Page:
Oakland's Ghost Ship Promises: 2 Investigates

- In the weeks and months after the Ghost Ship, Oakland city officials vowed to address key problems exposed by the deadly fire. These were problems regarding a lack of communication between departments, dangerously low staffing levels and flawed inspection protocols.

As a result, Mayor Libby Schaaf released an Executive Order calling for an overhaul of the city’s fire safety inspection process. Leading up to the Ghost Ship anniversary,  2 Investigates requested public information and interviews with top city leaders to find out if officials have been delivering on some of their major promises or if there is still work to be done.

Promise: Hiring a Permanent Oakland Fire Chief

In a news release dated March 21, 2017, Mayor Libby Schaaf and City Administrator Sabrina Landreth announced they took steps to accelerate the recruitment process for a new permanent Fire Chief. Former Oakland Fire Chief Teresa Reed faced public criticism after she went largely unseen after the Ghost Ship fire. In October, the City of Oakland stayed true to their promise and swore in longtime Oakland firefighter Darin White. 
Promise: Doubling Oakland’s Inspection Staff

In the same March 21, 2017 news release, city officials said they would “fast [track] requisitions to hire six additional inspectors as quickly as possible, doubling the size of the inspection staff in the Fire Prevention Bureau. Oakland has made progress, but none of the additional inspectors are on the job just yet and the total number of them falls short of doubling the 2016 staffing figure. 

Around the time of the Ghost Ship fire, Oakland had eight fire code inspectors and eights building code inspectors. By December 2017, the city said they’ll have six more for the fire department and three additional for the building department. 

Promise: Identifying Hazardous Properties

According to a Ghost Ship progress report released to media this week, city officials have identified 135 “priority properties.” These are properties inspectors have determined have multiple hazards. Of those, 32 of the unpermitted buildings had occupancies or assemblies.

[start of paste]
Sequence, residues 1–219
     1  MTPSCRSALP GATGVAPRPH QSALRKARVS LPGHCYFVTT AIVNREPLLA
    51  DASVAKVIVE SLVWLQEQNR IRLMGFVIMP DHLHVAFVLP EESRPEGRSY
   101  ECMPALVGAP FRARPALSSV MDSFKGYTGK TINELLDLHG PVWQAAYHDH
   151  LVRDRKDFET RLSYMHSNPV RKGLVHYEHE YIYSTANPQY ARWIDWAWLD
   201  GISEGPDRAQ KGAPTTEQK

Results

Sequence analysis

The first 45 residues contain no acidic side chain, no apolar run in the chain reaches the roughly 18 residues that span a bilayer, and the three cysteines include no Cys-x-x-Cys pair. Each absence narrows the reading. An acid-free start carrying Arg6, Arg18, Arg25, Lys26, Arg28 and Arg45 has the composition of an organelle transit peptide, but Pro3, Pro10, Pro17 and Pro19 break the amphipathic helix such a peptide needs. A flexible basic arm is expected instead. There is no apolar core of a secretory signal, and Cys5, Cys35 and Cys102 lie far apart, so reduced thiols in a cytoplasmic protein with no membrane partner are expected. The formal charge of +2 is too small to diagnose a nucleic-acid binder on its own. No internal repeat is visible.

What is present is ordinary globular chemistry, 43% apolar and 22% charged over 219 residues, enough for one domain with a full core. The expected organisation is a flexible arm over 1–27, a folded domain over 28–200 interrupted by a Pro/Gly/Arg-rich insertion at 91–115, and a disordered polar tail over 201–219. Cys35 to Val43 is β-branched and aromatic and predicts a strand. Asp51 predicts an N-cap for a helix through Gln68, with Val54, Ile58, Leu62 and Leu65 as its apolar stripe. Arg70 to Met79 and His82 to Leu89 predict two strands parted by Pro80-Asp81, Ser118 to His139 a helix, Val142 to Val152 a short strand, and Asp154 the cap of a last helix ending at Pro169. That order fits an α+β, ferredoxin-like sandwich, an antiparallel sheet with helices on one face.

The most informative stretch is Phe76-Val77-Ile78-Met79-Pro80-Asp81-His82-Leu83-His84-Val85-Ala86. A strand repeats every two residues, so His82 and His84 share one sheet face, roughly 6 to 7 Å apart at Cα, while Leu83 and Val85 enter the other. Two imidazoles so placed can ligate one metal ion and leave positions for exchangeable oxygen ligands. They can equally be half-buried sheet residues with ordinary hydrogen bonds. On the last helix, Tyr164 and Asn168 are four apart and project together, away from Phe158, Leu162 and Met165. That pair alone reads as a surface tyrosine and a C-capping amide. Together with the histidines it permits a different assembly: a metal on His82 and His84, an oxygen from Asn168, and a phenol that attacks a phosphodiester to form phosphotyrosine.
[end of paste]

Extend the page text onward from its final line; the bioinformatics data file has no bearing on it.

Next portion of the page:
When asked if she was confident these are all unpermitted building in Oakland, Assistant City Administrator Claudia Cappio said, “I’d be naïve to tell you we’re confident. We’re not confident at all, and we know there are other building, and we have to be diligent and again identify them. Get them an avenue to correct it.”

Promise: Implementing an Inter-departmental Database for Code Inspections 

The City of Oakland has made significant progress on this front, but the database system is still in the process of being implemented. After both the deadly Ghost Ship and San Pablo fire, it was clear there was a dangerous lack of communication between different Oakland departments about problem properties. The technology is supposed to address that.

“[The new system] creates efficiencies for our staff, and they’re able to go out and do inspections,” said Fire Chief Darin White. “They don’t have to do our former methodology of a form completed by pen or pencil. We’re able to enter data on a mobile device.”

The program called Accela will cost $500,000 to create a new database system. City officials said it is slated to be completed by December 2017 and live by the first quarter of 2018. They said inspectors will also be equipped with digital tablets to enter and access inspection information in real-time. 

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